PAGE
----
Jeremiah 37:1; Jeremiah 37:1.—אשׁר before הִמְלִיךְ is accus., and to be referred to Zedekiah. Comp. 2 Kings 24:17.

Jeremiah 37:4; Jeremiah 37:4.—בית הכליא. Here, as in Jeremiah 52:31, in which passages alone the word occurs, the Masoretes would alter without any necessity to כּלוּא. Comp. Gesen., § 84, 13, etc.

Jeremiah 37:7; Jeremiah 37:7.—שׁב לארצו. The participle, having itself no tense can, from the context, signify only that they are in the act of returning.

Jeremiah 37:9; Jeremiah 37:9.—[Literally: your souls.—S. R. A.]

Jeremiah 37:10; Jeremiah 37:10.—Hitzig correctly remarks that אֲנָשִׁים, in antithesis to כָּל־הֵיל denotes individuals, and that therefore it is more correct to connect אִישׁ בְאָהְָלוֹ with what follows, as the punctuation denotes, since it is evidently intended to express that these individuals, without any previous agreement, would arise, moved by a divine impulse, to perform the work of destruction.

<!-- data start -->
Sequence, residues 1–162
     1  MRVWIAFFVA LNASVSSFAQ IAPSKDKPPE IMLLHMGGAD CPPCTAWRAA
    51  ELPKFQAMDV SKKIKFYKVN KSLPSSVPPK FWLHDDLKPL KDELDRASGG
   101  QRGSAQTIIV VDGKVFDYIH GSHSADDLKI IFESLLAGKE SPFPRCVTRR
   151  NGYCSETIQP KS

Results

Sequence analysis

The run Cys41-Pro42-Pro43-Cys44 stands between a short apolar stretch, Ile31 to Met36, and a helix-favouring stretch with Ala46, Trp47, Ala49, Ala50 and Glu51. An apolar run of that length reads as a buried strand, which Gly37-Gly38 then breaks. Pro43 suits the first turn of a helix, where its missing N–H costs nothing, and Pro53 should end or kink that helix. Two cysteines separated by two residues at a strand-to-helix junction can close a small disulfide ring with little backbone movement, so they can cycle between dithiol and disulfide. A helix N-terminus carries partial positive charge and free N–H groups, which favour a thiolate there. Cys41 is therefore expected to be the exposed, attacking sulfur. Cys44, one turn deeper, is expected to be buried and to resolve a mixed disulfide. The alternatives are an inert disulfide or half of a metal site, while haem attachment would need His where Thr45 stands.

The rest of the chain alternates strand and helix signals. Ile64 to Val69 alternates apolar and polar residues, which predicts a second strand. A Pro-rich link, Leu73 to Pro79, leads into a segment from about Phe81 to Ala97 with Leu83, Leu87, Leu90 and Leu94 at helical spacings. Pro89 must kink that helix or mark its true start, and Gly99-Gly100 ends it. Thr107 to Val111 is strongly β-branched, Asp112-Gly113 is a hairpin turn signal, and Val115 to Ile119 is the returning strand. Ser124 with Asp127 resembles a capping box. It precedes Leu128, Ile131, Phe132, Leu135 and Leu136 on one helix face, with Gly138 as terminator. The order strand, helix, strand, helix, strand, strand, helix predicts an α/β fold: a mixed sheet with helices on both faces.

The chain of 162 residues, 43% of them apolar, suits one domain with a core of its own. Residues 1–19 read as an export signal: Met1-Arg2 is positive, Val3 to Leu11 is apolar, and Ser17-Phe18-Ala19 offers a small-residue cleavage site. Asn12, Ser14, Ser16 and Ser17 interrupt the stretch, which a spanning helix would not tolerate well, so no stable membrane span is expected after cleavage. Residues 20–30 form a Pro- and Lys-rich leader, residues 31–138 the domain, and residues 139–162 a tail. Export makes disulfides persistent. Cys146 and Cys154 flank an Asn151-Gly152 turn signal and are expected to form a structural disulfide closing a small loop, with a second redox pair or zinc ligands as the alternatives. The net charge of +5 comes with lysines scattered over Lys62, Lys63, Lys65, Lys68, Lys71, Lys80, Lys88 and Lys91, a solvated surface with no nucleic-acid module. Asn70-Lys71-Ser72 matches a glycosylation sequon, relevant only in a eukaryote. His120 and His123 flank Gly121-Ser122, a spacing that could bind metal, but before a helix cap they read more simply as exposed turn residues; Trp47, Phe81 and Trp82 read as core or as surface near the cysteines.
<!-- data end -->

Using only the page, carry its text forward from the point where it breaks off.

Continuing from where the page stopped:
Jeremiah 37:11; Jeremiah 37:11.—והיה. This form stands here, a trace of the later usage, for וַיהִי. Comp. Jeremiah 3:9; Jeremiah 38:28 b; Ewald, § 345 b; Naegelsb. Gr., § 88, 7, Anm.

Jeremiah 37:16; Jeremiah 37:16.—כִּ at the beginning of the verse is surprising. Neither its causal nor its temporal signification is suitable here. The LXX translate καὶ ἥλθεν, Hitzig, Ewald, Graf and others read ויבֹא with reference to 1 Samuel 2:21, and 2 Kings 20:12 coll. Isaiah 39:1.

Jeremiah 37:16; Jeremiah 37:16.—[Or: cells; Naegelsbach has: vaults. “Some suppose it to mean bent bars, by which the prisoner was confined, and in which he sat as in a cage in a distorted position, (Gesen., Graf).” Wordsworth.—S. R. A.]